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Vauxhall Astras, Insignias and - if you're hankering for a bit more style - the Mazda 6 all fit the brief
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4 mins read
7 April 2020

Well, this is going to become a regular feature, isn’t it? I need a practical, Ultra Low Emission Zone-compliant car in which I can carry all of my work gear. So it was good to hear from Ian, who specifically wants a diesel estate to get into London from time to time. He lives nowhere near the capital, which means a frugal modern diesel is the best way of going about his business.

First off, there are some colossal-mileage estates around for a few thousand pounds, and it just depends on whether you want something that has been properly maintained or with low mileage. Otherwise it could be poised to deliver an awful lot of diesel particulate filter and simple old-age issues. I think Ian needs an estate with a bit of life left in it, so I’ll stick with motors below 70,000 miles.

Tell you what, in the handy-sized estate class, there’s a whole boatload of Vauxhall Astras around at the moment. I mean, a one-owner, full-service-history 2014 1.6 Design CDTi Ecoflex at £5450 seems like a complete and utter bargain to me. This is a dealer car that includes a year’s worth of MOT. Brilliant.

Moving up a size bracket to the magnificent Vauxhall Insignia, £6300 will get you a 2015 2.0 CDTi Ecoflex, again with a full MOT and service history. The equally brilliant Ford Mondeo is another huge slice of big-booted goodness. A 2.0 TDCi Zetec with the ‘Aston grille’ is £7995.

Elsewhere, there’s the Mazda 6. This is a wonderful car, and a 2014 2.2d SE-L Nav with 68,000 miles is a reasonable £7500. I saw one example with 62,000 miles and a recent service listed for £7900, so there are a good few to choose from.

With Mazda we’re climbing a little upmarket, so what else should we consider that wears a posh badge?

I like the Mercedes-Benz E-Class, but the C-Class is pretty useful, too. A 2015 C200d SE can be yours for £11,000. It comes with all the gear, including a rear-view camera and multifunction everything.

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If you’re more of a BMW person, a 2013 518d Touring M Sport costs £11,499 and comes with a full service history. That’s a main dealer car all ready to roll into central London and lots of other major metropolises.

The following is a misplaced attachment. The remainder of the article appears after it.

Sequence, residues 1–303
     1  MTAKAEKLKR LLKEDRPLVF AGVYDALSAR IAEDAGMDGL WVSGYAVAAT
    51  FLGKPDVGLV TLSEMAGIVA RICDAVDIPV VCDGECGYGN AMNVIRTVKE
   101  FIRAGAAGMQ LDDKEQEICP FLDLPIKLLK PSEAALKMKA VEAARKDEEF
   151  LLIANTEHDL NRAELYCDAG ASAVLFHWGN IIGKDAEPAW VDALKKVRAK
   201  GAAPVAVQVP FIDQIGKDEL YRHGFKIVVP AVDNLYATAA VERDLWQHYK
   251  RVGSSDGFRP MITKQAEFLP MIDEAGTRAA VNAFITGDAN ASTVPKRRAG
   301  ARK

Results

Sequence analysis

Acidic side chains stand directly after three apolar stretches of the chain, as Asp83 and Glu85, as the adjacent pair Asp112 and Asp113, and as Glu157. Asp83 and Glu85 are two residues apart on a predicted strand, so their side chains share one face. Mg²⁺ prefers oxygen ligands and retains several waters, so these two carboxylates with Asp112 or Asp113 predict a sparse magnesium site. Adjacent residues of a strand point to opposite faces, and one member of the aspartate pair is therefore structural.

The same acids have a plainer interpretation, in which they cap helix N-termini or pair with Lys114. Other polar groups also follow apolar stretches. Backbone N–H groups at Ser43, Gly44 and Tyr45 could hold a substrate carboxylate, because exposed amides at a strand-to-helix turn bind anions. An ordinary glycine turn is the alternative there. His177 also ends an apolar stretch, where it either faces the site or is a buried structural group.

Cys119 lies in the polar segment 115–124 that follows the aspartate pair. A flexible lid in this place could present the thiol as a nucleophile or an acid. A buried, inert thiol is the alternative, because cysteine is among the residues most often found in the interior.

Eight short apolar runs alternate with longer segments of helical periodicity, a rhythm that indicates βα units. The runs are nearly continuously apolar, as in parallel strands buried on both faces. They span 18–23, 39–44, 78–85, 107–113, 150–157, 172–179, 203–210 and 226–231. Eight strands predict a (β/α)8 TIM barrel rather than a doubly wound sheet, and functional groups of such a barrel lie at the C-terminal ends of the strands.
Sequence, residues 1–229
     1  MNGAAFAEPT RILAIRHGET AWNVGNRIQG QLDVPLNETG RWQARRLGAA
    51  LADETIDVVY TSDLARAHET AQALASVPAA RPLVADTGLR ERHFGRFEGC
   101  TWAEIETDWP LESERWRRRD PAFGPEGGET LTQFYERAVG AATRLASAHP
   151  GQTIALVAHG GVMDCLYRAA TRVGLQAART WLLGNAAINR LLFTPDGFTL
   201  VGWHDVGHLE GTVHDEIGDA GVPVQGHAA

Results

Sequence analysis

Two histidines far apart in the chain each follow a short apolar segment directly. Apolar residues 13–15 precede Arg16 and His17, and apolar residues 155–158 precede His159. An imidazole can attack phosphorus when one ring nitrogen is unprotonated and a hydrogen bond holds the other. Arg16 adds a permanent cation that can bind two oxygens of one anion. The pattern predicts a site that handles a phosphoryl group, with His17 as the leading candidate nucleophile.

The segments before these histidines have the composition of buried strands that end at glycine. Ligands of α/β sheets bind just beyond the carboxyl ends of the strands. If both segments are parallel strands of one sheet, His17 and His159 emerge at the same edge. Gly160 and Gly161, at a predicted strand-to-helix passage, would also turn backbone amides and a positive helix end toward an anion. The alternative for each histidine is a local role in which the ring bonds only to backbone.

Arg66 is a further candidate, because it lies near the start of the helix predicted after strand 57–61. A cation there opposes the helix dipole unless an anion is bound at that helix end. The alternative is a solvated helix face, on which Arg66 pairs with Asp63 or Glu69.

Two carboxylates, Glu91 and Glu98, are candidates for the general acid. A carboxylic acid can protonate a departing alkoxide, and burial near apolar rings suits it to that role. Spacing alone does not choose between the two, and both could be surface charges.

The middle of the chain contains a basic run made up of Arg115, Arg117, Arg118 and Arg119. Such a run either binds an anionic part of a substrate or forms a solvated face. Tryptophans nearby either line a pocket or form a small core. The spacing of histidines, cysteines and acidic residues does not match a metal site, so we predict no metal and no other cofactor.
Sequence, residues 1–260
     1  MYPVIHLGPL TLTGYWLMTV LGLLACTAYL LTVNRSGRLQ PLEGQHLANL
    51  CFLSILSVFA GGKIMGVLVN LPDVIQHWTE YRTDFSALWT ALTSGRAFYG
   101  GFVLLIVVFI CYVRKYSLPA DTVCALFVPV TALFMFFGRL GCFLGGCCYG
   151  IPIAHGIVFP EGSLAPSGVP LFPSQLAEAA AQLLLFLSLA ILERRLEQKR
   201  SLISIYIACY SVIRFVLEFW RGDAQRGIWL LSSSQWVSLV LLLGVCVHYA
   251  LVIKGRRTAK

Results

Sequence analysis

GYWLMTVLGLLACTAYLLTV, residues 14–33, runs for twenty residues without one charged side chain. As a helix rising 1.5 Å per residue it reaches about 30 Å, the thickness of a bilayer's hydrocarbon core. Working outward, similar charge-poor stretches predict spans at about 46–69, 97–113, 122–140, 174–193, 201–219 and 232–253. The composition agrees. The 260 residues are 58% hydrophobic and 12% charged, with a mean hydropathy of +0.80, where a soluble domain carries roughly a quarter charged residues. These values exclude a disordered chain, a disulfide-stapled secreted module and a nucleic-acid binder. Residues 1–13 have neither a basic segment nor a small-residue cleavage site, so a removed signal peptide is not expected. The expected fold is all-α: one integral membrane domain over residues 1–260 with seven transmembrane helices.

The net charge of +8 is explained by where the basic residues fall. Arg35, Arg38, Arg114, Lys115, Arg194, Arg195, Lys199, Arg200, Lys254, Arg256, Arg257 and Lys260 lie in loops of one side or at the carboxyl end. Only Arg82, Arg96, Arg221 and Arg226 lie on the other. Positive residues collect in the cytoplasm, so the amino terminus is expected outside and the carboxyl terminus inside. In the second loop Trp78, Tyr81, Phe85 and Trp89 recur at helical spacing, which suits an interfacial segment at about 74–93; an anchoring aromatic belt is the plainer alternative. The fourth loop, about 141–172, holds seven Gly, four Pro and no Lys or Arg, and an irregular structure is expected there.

This proves that there are an awful lot of very decent estates about, and any buyers who write off diesel as being not the correct engine type to run need to look again. The answer to your automotive conundrum may well burn oil. If so, buy one.

What we almost bought this week

Citroën AX 1.0 RE 3dr: Despite weighing no more than a box of tissues and feeling like one, the AX of 1986-98 was a tough little thing, as this bright red 1989 1.0 RE proves. Owned by the same person since 1994 and with just 53,000 miles on the clock, it will make a tempting route into classic car ownership for someone. Not us, though; we’re holding out for an AX GT.

Tales from Ruppert's garage

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Porsche Cayenne, mileage - 107,112: Something else has gone awry with the rear parking sensors on the Flying Pig. I don’t use them myself, but the regular pilot says that there’s a long buzz and red lights, accompanied by a warning light. So when the car went in for surgery at Porsche, I asked “please can you plug it in to check?” and then forgot all about it. It was only when the Flying Pig’s pilot went through the colossal invoice that she reported a £25 charge for plugging it in. It needs a new sensor, apparently, though that’s the least of my automotive worries.

A-to-Z Bangerpedia

E is for E-Class: Safe, solid and spacious, the W211 oozes quality and is way better than the W210. Indeed, this Mercedes-Benz E-Class can almost match its S-Class contemporary for gadgetry and equipment. Much of the technology is focused on making the handling sportier, but it mainly ensures a very smooth ride; most bumps in the road hardly upset progress. There’s lots of room inside (although taller rear passengers might find their heads too close to the roof) and the boot is massive. The driver gets a clear dashboard and the quality of the materials is first class. A diesel engine is the sensible option; a 2004 E220 CDI Avantgarde will cost £2795.

Readers' questions

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Question: I drive a Mondeo ST220 Estate, on which I’ve spent £5k. I’m considering changing to an Octavia vRS or Golf GTD and can afford £12k. My Ford garage values the Mondeo at £700, but online they go for £2.5k. What should I do? James Marson, Manchester

Answer: You’ll get a 2015-reg Volkswagen Golf GTD Estate with 70,000 miles or a same-age Skoda Octavia vRS TDI Estate with 60,000 miles with your budget. Both cars are good, but the Skoda is more practical. Regarding your Mondeo, given what you’ve invested in it, why not keep it and enjoy its performance, its rarity and the admiring glances of fellow enthusiasts? JE

Question: My current car is a 2013 Vauxhall Astra, but its steering is too light and lacks feel. Previously I enjoyed Mk2 Ford Focuses. Could you suggest newer cars with good steering feel? Daniel Vernon, via email

Answer: The Mk2 Focus you mention did indeed have feelsome steering, which the Mk3 Focus lacked to some extent. That’s why we’d instead point you in the direction of the previous-generation Mazda 3, which has it in abundance. You’ll be able to get a 2016-reg 2.0 Sport Nav with 38,000 miles for £9900. JE

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